Favorite Recent Rom-Coms

Romantic comedies are some of YAM Magazine’s staff’s weakness; often maligned with the tag of “chick flicks,” but nothing beats the fluttery feeling of watching a good rom-com.

So we took a look at some of our favorite recent (2010-onward) straight rom-coms, meaning that we’re not looking for coming of age dramedies with a hint of romance or genre-benders that seem like they could be romantic comedies. We’re looking for “a and b meet and fall in love”. Thank you.

Love Is Not Blind (失恋33天)

Though we may argue that our protagonist in Love Is Not Blind, a very lovable Bai Baihe [Did she ever dethroned China’s Reining Movie Diva?], never really falls in love with the suspiciously desexualized co-worker (the fallen from grace, but TV reborn Zhang Wen). This is a romantic comedy, so that settles it.

Written by Jingjing Bao [who also wrote the screenplay for Our Shinning Days (闪光少女), another of our favorites] alongside director Hua-Tao Teng; we follow the live of a wedding planner at the edge of a nervous breakdown when she finds her boyfriend cheating on her with her best friend. Bai Baihe is irresistible.

Heart Attack (ฟรีแลนซ์..ห้ามป่วย ห้ามพัก ห้ามรักหมอ)

We seem to be turning into big fans of actor Sunny Suwanmethanon, who plays a workaholic graphic designer with a strange stress rash that is to be treated by doctor Imm, played by the lovely Davika Hoorne.

Our Times (我的少女時代)

Definitely one of our favorite rom-coms this decade, which follows the life of Truly Lin [her name in the movie is Lin Chen-hsin (林真心), which means ‘true heart’), played in her younger geeky days by Vivian Sung, who comes to know about the hardships of life and love as she reminisces about her younger days, with the boy that caught her eye and the one that captured her heart.

Female director Frankie Chen earned her nomination for Best New Director at the 2015 Golden Horse Awards for this film.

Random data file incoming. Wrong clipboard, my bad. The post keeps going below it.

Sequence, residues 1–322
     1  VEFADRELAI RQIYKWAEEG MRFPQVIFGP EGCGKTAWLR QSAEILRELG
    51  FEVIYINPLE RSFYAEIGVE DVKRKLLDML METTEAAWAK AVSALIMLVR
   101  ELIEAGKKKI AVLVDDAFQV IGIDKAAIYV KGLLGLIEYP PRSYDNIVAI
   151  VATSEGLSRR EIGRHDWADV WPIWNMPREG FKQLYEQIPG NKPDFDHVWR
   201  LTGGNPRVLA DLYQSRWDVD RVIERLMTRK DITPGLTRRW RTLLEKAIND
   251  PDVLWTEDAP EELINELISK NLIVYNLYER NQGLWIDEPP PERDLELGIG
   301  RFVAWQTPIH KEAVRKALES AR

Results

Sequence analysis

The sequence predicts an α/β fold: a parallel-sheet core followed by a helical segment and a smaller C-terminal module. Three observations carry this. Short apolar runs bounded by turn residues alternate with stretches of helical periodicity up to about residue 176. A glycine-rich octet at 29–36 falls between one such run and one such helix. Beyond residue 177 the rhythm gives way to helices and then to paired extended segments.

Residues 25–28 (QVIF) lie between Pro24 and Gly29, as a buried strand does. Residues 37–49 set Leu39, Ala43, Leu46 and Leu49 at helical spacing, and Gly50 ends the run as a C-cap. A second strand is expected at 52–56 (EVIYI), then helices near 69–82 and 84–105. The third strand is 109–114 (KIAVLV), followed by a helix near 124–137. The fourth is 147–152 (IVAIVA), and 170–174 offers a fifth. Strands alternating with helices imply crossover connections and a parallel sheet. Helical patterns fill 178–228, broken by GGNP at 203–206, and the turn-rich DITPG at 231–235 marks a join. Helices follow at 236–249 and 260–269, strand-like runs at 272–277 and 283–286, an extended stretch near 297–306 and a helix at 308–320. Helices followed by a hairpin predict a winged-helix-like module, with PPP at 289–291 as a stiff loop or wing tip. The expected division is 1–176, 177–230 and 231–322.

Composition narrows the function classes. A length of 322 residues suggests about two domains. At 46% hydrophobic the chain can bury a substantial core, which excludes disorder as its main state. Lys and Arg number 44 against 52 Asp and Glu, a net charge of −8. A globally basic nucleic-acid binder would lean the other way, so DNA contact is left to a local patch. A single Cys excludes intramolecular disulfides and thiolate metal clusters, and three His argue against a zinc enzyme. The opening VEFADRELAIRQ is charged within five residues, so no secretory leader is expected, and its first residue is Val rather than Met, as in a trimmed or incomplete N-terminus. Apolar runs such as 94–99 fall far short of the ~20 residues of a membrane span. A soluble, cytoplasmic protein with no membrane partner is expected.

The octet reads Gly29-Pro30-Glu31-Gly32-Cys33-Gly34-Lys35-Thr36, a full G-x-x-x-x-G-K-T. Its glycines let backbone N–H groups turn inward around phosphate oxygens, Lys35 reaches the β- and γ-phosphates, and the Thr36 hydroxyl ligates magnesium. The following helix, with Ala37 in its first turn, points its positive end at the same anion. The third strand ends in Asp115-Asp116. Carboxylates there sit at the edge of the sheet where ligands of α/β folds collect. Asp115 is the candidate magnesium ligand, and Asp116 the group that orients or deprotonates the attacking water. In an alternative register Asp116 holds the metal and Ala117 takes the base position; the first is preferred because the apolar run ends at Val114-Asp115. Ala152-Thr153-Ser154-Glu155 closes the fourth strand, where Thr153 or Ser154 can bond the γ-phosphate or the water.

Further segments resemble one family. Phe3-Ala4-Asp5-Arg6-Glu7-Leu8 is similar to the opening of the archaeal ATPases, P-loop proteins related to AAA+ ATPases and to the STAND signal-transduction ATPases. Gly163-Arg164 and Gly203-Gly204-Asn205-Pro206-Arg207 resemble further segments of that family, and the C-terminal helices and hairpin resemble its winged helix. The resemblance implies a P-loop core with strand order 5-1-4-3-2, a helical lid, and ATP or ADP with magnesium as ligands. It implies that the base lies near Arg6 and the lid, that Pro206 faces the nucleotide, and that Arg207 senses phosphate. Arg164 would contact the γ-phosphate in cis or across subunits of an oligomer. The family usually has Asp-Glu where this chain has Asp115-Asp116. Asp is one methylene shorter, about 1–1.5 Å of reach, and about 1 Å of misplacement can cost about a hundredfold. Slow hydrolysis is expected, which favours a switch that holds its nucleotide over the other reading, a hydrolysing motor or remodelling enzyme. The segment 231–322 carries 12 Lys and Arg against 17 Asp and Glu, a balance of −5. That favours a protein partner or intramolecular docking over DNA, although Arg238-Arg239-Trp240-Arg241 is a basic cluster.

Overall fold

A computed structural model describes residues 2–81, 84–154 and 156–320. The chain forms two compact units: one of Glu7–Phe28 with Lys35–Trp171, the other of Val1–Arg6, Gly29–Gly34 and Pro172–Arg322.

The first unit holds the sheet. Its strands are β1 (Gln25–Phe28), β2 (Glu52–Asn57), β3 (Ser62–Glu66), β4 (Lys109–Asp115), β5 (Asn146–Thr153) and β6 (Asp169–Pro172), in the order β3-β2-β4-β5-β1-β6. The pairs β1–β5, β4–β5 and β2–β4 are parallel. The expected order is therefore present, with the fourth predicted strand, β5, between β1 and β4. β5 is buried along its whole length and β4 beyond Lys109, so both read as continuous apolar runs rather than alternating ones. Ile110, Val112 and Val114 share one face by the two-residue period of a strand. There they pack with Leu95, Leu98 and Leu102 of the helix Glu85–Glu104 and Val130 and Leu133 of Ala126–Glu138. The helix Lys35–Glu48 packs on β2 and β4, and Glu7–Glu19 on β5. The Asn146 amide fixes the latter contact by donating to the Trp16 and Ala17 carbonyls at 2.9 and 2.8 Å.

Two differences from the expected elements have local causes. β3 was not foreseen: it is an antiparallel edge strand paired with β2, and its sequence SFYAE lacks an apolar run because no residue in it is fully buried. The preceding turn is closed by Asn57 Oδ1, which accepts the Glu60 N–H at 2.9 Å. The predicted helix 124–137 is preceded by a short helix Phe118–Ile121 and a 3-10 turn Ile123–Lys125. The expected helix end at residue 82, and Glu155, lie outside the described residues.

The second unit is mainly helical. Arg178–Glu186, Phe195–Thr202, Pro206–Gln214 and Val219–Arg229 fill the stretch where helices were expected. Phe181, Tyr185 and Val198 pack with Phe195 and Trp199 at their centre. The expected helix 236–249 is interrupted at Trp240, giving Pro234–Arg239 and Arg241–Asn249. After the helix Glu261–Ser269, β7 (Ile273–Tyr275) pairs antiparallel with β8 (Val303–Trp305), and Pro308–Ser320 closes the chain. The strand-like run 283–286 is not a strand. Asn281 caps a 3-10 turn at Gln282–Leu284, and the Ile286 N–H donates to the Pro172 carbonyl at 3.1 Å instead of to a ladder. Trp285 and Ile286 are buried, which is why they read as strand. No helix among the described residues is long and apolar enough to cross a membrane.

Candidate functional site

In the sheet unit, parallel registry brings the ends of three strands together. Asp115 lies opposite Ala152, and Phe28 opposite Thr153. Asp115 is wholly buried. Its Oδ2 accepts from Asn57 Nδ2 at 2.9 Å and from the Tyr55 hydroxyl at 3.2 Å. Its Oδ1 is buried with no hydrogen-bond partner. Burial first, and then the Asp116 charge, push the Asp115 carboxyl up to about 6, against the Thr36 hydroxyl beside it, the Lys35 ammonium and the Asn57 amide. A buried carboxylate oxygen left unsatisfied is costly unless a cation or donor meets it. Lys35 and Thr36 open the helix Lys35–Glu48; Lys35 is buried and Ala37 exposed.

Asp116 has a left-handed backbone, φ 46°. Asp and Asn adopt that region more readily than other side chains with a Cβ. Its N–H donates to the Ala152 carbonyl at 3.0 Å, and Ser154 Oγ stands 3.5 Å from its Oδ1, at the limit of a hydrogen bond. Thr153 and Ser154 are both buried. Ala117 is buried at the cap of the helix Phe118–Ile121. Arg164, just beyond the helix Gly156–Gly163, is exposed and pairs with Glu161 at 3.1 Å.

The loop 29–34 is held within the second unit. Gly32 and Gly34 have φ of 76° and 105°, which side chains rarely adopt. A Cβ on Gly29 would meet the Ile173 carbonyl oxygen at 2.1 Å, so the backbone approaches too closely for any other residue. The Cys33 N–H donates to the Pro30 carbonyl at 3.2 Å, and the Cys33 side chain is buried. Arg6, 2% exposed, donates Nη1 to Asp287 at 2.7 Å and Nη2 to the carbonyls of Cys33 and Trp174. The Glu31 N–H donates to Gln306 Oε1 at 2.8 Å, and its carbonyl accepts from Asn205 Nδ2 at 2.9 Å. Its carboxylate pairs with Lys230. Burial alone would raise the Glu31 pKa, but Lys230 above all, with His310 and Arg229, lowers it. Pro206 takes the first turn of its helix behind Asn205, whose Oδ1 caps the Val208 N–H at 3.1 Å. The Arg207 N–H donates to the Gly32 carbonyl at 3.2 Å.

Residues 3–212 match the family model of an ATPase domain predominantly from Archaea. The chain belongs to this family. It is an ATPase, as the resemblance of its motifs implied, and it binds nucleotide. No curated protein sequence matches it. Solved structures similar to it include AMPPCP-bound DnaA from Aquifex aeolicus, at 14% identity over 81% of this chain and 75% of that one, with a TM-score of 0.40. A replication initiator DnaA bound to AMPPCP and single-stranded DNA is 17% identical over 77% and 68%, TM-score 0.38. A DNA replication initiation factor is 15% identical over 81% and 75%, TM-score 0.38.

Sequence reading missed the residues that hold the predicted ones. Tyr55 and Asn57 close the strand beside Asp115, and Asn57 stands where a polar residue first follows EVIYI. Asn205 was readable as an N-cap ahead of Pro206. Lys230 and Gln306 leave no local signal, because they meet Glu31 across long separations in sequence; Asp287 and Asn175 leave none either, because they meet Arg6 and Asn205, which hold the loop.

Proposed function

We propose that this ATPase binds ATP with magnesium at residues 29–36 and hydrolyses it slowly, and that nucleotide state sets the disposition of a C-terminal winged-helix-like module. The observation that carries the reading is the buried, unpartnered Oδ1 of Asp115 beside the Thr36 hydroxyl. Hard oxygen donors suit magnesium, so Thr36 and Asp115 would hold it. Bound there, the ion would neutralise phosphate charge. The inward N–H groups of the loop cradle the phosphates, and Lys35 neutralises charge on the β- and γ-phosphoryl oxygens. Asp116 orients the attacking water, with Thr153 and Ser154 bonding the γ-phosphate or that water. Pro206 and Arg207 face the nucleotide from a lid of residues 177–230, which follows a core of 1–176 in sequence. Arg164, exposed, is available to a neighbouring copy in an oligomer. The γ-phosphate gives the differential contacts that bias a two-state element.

Love in a Puff (志明與春嬌)

This one is for the grown ups~ We’re also really big fans of Pang Ho-Cheung’s Love in a Puff trilogy, even though most of us don’t smoke. In the first movie of the trilogy, Jimmy (Shawn Yue) and Cherie (Miriam Yeung) meet over a smoke, their developing relationship and the impending doom of a Hong Kong smoke-ban that threatens their habit.

Bareilly Ki Barfi

Ashwiny Iyer Tiwari continues to impress, after her debut with the heartfelt Nil Battey Sannata, in this rom-com adapted by her husband Nitesh Tiwari (who was in charge of the amazing Dangal), based on the novel The Ingredients of Love by Nicolas Barreau. The film follows a woman (Kriti Sanon), deemed unmarriageable by her suitors for her upfront nature, who finds a book whose author (Rajkummar Rao) describes someone like her as his ideal type. On her search for the author of the book, she meets the man (Ayushmann Khurrana) who was in charge of printing the book and is actually the real author.

The film was a surprise box office success, received well by the critics, and has earned Iyer Tiwari her Best Director Filmfare Award, right after earning Best Debut Director last year while her husband got Best Director in the same ceremony.

Ghost Writer

Here. There. Everywhere. Punished soul that usually watches what nobody wants, but sometimes gets lucky.

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